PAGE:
Indian environment minister Jairam Ramesh said today that developed countries should not ''expect miracles'' from developing countries at the global climate summit in Copenhagen in December, and the goals for greenhouse gas emission control should be more "realistic".
"We must aim for low hanging fruit," Ramesh told a seminar at Columbia University in New York called 'India's road to Copenhagen', indicating that the controls being sought by advanced countries were too high.
Ramesh added that India should not be singled out as ''the obstructionist''. Instead, industrialised countries should agree on realistic targets for cutting emissions by 2020, he said.
He added that the summit in the Danish capital should focus on achieving a consensus in areas like increasing forestation to promote carbon sequestration, strengthening the clean development mechanism, and technology-sharing.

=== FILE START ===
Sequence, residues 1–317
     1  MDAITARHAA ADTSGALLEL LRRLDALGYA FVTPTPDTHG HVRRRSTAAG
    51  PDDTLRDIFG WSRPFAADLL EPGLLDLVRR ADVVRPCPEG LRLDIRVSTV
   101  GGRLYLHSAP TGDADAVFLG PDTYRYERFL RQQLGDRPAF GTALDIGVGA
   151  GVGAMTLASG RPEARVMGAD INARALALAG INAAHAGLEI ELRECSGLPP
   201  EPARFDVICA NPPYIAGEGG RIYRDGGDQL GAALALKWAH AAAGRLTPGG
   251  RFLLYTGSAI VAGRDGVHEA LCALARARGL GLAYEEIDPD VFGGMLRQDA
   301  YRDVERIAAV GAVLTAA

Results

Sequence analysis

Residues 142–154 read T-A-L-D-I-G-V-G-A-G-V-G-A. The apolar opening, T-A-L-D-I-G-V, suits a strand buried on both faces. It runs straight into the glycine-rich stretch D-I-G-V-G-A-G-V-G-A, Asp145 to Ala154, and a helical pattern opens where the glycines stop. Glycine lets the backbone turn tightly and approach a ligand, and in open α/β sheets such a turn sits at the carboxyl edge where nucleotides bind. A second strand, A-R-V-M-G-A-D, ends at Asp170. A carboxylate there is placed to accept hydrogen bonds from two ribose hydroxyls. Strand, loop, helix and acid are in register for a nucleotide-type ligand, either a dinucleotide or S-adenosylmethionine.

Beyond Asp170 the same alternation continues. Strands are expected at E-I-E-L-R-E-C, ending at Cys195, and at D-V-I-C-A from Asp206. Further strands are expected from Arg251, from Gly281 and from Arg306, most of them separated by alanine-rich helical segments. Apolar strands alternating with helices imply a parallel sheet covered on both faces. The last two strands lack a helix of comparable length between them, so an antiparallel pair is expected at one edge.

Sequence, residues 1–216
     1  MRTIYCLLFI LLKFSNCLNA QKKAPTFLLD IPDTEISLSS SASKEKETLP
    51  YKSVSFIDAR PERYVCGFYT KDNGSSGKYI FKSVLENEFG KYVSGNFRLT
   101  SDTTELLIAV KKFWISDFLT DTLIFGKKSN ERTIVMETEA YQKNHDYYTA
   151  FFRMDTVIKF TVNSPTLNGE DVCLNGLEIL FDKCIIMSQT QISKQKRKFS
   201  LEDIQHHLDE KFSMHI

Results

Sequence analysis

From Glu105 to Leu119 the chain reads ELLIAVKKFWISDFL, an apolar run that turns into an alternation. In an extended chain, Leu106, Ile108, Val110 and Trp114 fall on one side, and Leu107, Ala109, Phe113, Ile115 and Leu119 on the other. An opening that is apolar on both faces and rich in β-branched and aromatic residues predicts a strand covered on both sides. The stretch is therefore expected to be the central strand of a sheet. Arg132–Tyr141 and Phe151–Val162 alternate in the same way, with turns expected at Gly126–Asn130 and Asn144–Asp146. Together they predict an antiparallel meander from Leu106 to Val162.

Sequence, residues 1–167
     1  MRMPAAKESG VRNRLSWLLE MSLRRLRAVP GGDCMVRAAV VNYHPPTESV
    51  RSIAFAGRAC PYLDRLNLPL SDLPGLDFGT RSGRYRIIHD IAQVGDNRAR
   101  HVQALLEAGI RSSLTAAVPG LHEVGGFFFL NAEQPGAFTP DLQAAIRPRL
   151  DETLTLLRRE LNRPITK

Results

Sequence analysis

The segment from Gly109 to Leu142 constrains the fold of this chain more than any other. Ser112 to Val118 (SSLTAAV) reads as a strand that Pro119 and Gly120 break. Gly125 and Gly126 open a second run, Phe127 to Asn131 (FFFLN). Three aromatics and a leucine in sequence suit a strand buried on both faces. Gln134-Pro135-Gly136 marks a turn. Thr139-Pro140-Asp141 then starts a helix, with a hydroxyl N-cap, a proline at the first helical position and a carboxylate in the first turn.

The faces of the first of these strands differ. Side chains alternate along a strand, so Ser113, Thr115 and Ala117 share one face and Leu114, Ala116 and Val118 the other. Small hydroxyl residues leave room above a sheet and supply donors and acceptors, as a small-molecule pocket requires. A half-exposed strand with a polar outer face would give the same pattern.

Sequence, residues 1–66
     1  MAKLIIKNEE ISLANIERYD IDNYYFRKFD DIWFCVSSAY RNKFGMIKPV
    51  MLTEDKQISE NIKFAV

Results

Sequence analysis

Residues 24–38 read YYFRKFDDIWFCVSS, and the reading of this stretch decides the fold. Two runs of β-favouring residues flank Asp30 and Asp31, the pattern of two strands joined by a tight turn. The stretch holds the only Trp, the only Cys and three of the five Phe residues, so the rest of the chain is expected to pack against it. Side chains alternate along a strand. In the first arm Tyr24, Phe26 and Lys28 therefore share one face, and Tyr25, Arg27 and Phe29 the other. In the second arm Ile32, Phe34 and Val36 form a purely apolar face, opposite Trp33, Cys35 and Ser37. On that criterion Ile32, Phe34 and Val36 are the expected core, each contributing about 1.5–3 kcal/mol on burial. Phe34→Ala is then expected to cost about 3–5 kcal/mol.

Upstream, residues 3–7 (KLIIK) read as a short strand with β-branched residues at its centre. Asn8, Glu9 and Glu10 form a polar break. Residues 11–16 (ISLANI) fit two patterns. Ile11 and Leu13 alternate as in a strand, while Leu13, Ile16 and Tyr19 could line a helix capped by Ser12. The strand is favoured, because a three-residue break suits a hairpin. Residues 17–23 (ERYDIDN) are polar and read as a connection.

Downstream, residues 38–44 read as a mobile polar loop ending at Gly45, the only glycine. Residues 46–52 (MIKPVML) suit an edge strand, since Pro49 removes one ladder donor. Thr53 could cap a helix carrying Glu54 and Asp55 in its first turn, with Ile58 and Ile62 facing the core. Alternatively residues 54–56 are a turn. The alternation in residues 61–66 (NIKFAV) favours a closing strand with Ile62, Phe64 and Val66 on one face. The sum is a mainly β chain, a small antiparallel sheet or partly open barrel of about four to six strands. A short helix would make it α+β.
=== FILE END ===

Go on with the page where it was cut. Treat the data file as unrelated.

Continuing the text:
Ramesh's comments assume significance in light of his remarks earlier this week, when he said that India is ready to quantify the amount of planet-warming gas emissions it could cut. So far, India has steadfastly refused to commit itself to any targets in this regard.
"We do not see a problem in giving a broad indicative number on the quantity of (emission) reduction as a result of our domestic unilateral actions," Ramesh said. The emission reduction would not take the shape of legally binding targets open to outside scrutiny. Nor would it form a new negotiating position for India, Ramesh clarified.